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Benenfits of closed area protection for a population of scallops

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Publication details

JournalMarine Ecology Progress Series
DatePublished - Aug 2005
Issue number1
Number of pages15
Pages (from-to)189-204
Original languageEnglish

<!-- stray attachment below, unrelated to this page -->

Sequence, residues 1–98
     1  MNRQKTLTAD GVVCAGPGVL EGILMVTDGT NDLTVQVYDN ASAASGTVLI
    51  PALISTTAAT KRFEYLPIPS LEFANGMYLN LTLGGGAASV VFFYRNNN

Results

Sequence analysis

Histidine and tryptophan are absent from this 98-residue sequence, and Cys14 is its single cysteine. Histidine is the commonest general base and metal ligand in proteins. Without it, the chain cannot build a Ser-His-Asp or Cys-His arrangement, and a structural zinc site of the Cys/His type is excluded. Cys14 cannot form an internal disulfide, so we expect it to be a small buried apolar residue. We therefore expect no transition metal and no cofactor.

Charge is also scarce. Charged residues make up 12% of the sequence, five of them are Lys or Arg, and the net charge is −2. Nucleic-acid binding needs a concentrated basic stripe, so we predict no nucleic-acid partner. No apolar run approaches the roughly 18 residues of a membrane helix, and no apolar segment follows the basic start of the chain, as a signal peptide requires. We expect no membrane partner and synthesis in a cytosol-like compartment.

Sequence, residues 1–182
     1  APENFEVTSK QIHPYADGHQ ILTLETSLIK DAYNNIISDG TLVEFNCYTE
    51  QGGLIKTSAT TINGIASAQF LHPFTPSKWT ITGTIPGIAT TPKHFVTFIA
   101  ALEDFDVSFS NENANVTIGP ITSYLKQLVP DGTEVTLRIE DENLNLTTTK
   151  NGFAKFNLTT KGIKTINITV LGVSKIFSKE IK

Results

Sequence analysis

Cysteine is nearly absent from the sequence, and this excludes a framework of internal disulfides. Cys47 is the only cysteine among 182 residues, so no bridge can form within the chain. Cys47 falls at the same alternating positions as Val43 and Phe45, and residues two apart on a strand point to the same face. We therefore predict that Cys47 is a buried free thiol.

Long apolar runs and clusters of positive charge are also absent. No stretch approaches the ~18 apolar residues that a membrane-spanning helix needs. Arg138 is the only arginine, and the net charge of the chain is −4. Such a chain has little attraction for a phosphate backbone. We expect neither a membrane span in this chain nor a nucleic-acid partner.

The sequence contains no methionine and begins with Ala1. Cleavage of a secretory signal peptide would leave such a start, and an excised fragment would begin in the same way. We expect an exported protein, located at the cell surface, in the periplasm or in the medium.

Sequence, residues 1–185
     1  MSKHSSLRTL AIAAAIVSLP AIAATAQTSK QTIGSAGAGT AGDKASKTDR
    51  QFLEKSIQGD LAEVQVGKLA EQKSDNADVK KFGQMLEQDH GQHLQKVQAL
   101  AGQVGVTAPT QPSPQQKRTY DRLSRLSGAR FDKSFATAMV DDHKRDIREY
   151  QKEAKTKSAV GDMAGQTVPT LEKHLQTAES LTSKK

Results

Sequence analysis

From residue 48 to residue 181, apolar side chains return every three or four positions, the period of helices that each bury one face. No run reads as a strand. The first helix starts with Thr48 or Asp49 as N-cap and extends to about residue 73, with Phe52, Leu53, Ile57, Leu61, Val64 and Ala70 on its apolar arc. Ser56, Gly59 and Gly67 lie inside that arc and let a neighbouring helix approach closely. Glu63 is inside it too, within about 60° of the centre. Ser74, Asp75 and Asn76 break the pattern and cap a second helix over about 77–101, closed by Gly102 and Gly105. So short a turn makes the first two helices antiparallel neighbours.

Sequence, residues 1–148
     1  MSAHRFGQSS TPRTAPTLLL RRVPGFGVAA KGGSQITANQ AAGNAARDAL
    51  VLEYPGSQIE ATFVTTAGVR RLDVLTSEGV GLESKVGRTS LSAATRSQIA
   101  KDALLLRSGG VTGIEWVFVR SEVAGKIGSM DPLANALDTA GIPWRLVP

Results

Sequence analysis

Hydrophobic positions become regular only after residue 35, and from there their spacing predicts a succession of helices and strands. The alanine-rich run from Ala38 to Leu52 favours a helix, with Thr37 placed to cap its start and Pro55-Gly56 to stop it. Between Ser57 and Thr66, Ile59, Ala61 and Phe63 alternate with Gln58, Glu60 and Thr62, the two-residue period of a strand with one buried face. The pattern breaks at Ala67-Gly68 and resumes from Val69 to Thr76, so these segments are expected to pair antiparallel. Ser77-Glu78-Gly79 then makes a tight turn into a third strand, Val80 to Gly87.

Despite the current interest in using closed areas for fisheries management, few studies have actually examined the benefits for invertebrate fisheries such as scallops. This study details the dynamics of a population of great scallops Pecten maximus (L.), within a closed area and an adjacent fished area off the Isle of Man, over a 14 yr period (1989 to 2003). Scallop densities were very low in both areas when the closed area was set up, but increased at an accelerated rate over time within the closed area. Scallop densities also increased on the adjacent fishing ground, but not to the same extent. Consequently, the density of scallops above the minimum legal landing size (110 mm SL) was more than 7 times higher in the closed area than in the fished area by 2003. There was also a shift towards much older and larger scallops in the closed area and, correspondingly, lower estimates of total mortality. Experimental dredging of 2 plots within the closed area confirmed that fishing drove these differences in population dynamics and structure. These patterns of scallop density, age and size structure resulted in the exploitable biomass (adductor muscle and gonad) of scallops being nearly 11 times higher in the closed area than in the fished area by 2003, and the reproductive biomass was 12.5 times higher. This is significant for fisheries management because the build up of high densities of large P. maximus individuals enhanced local reproductive potential and therefore the likelihood of export of larvae to the surrounding fishing grounds. Along with these direct benefits of closed area protection, juvenile scallops had higher survival and individual growth rates in the closed area, apparently in response to reduced fishing disturbance. Although juvenile scallops are not subject to direct removal by fishing, protection during this critical phase therefore appeared to assist the recovery of the closed area population. In summary, this study joins a growing number indicating that the use of closed areas offers a range of benefits over more traditional methods of managing fisheries. Fisheries for relatively sedentary and long-lived species such as P. maximus appear to be particularly suitable for this type of management.

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